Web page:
She narrows her eyes and spots Jasper, Bellamy’s appointed club coordinator (more like glorified assistant), by the side of its main entrance with a headset on. But the moment he sees the ferocious look on her face, he darts inside and shuts the main entrance.

Clarke bangs hard on the door.

Jasper, I know that you saw me.”

His wide eyes and messy brown locks make an appearance through a crack in the door.

“Oh, I, hey Clarke,” Jasper sputters, raising his clipboard like a shield. “I didn’t see you there. What’s – ”

“Where is he, Jasper?”

“And, uh, who exactly are you referring to?”

Clarke cocks her head, unamused and dry in her tone. “Your boss? About yay tall, black hair, has the smirk of satan and – ”

“Bellamy?” Jasper swallows, shoulders hunched. “He’s right over…”

The boy steps aside so that Clarke can see, and her throat goes dry. The lights in Rebel Kings have done dim, save for the dull, strobing glow of blue and green. The men atop the black slab standing at the center of the room appear one-by-one in V formation, shadowed and toned. Lincoln, brawn and bronze with tribal tattoos dancing up his torso and to his neck. Murphy, pale and sulking with satin shorts and a curled lip on. Miller, mischievous and brooding, a heavy belt low on his abs and a black hat on his head. And Kane, what Clarke’s heard them call the Silver Fox of the group, bearded and mature in his features, but maintaining an unbeatable confidence as he stands with his fingers hooked around his belt loops and glasses low on the bridge of his nose.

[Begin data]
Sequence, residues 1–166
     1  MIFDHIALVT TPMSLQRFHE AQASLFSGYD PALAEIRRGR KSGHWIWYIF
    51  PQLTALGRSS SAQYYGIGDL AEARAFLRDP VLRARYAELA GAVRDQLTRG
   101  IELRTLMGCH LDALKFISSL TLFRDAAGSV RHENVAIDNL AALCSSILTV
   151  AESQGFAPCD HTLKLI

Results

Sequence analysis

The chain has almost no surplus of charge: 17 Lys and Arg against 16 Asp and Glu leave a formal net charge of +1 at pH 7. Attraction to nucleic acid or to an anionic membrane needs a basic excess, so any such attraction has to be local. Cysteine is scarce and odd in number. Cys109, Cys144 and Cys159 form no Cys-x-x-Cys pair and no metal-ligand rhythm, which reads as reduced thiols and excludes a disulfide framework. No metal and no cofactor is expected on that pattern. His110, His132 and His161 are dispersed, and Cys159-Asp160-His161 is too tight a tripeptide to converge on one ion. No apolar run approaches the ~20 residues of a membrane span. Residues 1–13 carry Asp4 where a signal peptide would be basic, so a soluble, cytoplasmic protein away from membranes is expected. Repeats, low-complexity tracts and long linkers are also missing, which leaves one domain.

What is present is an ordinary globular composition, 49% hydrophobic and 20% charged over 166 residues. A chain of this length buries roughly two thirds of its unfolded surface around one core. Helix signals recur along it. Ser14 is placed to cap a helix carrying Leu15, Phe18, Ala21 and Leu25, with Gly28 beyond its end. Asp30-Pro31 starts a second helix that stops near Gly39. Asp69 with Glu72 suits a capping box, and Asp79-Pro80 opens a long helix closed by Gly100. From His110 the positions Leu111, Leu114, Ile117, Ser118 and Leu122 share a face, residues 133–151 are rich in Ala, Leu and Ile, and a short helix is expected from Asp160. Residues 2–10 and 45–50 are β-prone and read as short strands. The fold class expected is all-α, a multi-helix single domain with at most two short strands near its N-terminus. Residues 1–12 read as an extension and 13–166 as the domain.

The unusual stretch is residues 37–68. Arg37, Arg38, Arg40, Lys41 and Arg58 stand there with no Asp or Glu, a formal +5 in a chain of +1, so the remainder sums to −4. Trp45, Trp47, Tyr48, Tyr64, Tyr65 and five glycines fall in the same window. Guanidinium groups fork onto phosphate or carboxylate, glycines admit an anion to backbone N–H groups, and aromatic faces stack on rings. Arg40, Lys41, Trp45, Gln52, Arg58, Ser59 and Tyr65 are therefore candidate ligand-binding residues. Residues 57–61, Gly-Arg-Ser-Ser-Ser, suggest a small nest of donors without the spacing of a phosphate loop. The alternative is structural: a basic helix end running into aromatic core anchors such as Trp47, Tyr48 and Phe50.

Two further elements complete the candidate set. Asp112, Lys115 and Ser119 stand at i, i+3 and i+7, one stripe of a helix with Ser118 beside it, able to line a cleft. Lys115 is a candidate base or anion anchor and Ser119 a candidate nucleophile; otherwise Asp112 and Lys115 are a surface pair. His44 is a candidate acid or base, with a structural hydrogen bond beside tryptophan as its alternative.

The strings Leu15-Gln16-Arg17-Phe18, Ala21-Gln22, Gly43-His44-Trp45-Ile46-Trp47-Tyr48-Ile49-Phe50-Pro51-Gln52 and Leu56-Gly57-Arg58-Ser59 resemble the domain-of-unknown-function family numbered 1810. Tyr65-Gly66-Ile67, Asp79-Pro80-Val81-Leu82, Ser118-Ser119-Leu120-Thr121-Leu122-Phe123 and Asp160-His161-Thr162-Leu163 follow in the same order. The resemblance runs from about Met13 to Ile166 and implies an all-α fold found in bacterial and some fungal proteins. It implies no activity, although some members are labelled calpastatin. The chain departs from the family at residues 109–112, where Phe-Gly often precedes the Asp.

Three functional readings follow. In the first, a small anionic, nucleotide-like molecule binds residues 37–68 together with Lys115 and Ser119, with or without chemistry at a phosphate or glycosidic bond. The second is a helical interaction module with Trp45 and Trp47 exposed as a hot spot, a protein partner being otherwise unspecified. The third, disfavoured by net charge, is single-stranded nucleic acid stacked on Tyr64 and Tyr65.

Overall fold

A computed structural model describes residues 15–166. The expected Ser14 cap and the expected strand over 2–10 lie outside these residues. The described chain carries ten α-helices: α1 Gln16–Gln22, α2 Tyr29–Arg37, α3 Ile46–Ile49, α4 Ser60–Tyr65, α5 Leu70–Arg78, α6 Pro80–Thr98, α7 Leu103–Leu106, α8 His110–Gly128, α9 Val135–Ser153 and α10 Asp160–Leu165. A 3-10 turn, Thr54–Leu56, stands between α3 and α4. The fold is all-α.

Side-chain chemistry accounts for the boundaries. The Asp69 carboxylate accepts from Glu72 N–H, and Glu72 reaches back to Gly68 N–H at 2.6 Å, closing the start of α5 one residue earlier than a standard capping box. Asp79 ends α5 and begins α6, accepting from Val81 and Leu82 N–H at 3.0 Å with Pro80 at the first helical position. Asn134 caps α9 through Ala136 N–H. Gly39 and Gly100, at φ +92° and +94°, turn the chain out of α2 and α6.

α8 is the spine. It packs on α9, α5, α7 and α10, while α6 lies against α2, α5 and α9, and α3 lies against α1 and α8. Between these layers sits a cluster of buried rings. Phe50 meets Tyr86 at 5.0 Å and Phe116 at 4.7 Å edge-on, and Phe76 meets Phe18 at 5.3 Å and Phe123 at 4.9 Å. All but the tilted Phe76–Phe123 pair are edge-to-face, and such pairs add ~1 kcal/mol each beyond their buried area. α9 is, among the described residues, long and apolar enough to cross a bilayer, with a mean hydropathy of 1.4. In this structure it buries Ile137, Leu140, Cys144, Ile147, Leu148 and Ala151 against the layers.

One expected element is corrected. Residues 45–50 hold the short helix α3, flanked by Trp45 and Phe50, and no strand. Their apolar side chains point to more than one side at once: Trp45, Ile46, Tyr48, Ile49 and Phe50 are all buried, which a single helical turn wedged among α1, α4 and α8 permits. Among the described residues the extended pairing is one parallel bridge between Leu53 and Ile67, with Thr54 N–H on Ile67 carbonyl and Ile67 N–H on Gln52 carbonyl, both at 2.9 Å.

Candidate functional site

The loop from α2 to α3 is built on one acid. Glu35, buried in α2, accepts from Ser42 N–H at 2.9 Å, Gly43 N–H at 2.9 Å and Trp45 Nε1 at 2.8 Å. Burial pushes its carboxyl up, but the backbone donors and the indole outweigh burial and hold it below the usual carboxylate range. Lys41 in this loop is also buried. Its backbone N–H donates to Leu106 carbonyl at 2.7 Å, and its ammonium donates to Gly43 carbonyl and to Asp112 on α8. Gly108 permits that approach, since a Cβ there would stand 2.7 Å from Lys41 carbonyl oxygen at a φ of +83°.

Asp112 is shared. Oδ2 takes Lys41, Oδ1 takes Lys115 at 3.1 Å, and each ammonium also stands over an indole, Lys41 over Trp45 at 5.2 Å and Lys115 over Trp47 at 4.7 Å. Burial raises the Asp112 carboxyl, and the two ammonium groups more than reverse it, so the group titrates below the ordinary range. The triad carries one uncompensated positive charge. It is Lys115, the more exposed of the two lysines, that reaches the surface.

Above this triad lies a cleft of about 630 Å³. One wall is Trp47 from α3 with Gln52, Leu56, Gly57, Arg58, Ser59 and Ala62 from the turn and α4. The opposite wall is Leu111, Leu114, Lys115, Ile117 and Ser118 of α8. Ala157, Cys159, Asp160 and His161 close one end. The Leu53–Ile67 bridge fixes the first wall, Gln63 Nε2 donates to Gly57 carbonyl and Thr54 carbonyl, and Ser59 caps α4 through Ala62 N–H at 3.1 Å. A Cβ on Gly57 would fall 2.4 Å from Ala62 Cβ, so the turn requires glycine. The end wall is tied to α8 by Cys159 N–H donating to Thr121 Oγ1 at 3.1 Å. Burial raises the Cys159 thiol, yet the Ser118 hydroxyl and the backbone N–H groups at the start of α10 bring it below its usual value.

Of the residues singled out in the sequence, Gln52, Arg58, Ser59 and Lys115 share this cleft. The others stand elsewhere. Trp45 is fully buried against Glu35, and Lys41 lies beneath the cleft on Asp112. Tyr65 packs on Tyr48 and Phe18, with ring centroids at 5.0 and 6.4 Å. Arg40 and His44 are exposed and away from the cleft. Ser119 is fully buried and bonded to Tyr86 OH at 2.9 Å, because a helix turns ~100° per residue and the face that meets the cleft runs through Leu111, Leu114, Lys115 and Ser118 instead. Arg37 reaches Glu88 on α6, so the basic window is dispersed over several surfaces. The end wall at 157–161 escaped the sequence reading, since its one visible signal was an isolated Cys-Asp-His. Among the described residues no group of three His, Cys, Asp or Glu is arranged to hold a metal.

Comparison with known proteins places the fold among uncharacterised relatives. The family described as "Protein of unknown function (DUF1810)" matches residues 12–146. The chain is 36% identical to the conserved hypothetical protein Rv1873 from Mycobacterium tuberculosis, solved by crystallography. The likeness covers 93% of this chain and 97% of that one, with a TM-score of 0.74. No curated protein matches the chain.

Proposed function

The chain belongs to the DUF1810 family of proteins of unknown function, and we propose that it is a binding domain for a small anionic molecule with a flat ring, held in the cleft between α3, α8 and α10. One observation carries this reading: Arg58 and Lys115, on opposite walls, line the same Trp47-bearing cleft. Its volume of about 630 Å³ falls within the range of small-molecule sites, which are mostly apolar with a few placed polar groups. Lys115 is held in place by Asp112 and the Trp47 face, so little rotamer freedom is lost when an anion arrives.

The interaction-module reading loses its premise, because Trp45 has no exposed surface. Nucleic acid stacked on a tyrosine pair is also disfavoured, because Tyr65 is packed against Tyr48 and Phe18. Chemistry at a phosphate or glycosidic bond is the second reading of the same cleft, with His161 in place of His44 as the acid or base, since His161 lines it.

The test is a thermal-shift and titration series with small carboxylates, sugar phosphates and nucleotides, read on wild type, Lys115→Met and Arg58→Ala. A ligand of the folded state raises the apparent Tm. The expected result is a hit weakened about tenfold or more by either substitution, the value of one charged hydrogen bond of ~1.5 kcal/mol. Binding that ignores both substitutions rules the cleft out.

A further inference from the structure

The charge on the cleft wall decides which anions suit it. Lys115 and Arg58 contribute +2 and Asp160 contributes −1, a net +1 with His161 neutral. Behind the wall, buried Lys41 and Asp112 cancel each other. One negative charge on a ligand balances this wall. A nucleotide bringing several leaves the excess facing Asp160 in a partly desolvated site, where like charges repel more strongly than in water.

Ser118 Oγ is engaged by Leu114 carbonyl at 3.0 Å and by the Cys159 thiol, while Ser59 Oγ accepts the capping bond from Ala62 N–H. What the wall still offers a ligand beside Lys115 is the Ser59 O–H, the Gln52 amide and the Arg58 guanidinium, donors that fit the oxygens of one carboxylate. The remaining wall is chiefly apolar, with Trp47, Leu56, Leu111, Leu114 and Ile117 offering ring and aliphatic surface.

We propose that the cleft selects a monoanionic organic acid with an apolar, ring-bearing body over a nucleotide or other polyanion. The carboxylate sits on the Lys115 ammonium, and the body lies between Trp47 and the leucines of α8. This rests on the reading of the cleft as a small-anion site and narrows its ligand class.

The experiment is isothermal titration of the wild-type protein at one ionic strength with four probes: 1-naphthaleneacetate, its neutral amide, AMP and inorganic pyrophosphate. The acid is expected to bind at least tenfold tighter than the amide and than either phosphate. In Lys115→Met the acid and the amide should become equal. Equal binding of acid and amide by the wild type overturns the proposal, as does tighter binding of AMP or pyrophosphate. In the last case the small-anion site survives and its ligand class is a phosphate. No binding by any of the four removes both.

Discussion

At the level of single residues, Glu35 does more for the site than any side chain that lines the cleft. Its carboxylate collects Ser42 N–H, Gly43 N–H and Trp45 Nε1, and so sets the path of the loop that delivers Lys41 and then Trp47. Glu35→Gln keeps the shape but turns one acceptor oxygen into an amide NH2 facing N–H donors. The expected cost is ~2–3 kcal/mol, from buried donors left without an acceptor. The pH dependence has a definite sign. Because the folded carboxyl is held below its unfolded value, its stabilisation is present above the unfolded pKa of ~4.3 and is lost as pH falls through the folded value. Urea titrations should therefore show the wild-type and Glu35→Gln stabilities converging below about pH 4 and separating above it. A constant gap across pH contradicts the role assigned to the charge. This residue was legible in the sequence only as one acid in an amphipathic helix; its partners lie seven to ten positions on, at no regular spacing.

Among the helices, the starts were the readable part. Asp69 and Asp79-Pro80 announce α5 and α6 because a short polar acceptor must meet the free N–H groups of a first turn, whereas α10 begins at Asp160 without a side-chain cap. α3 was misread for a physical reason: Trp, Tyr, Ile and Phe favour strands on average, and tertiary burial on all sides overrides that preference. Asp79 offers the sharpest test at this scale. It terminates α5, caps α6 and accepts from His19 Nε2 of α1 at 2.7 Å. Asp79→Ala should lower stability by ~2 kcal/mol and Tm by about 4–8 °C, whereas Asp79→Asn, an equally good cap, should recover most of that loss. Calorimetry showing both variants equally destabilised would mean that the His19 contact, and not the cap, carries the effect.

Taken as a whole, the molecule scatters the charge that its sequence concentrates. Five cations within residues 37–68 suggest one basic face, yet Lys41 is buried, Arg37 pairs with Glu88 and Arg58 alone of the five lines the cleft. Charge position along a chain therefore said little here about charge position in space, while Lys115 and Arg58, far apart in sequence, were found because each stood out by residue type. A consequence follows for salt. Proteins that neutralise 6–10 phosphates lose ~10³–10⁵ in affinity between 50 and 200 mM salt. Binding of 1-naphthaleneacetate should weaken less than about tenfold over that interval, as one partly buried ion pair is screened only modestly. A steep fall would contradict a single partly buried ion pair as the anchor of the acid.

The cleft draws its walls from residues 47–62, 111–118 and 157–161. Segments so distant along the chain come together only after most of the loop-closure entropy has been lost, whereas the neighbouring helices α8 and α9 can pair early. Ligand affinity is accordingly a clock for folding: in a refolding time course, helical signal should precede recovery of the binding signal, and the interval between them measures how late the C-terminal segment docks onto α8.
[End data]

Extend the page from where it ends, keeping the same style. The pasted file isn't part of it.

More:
And they all point to Bellamy.

He’s wearing black slacks and not much else, smiling like he knows every secret in the world, and when he leans forward, it’s clear that half of the crowd is there for him. He commands it, muscles rippling shades of olive and gray, crowd nearly fainting when he gyrates forward and drops to the floor, slamming across it with his fists, hair falling into his eyes, shoulders flexing at every swelling beat.

Jesus. He’s practically fucking the ground.

Clarke is thankful for the dark. Her skin is burning scarlet.

But she quickly remembers what she’s there for when Bellamy jumps off stage to target a giddy birthday girl, sitting front row on what looks like an intricate black throne. Clarke rolls her eyes and crosses her arms as Bellamy toys with her, a lap dance that, when he catches Clarke’s eye across the room, seems prolonged and grimier for her benefit.

And when the set is done, Murphy’s the last man on stage. He doesn’t dance, not like the rest of the crew, just whips his pants off and frowns.

Somehow, the crowd still goes wild.

As Clarke makes her way backstage to find Bellamy (much to Jasper’s dismay), she wonders how these guys all ended up in this place, taking their shirts off night after night and what they did to pass the day. Raven worked at an auto body shop a few blocks away and Clarke taught art classes further into the city. Was Kane someone’s professor? Was Lincoln a starving artist?

What did that make Bellamy?

Naked. Very naked. In her fit of rage, Clarke had shoved open his dressing room door without hesitation. Now, she eyes his black, barely-there briefs and swallows, trying to focus on the dimple of his chin, the scar by his lip.

Bellamy smiles, halts his dressing and looks like he’s appreciating this way too much.

“Well, well,” he rasps like his voice is tired from the night. “Which one are you tonight, princess? Thirsty patron or concerned citizen?”

Clarke narrows her eyes, that permanent crease between her brows deepening. “How about annoyed neighbor? Disgruntled business owner? Or, I don’t know, girl who’s going to call the cops if you don’t turn your music down. This is a record…”

She trails off, flustered, and Bellamy raises a brow.

“Okay, before I say anything else,” Clarke exhales, pinching the bridge of her nose. “I’m going to need you to put underwear on. Real underwear.”

He smirks and drops the pants in his hands to the floor.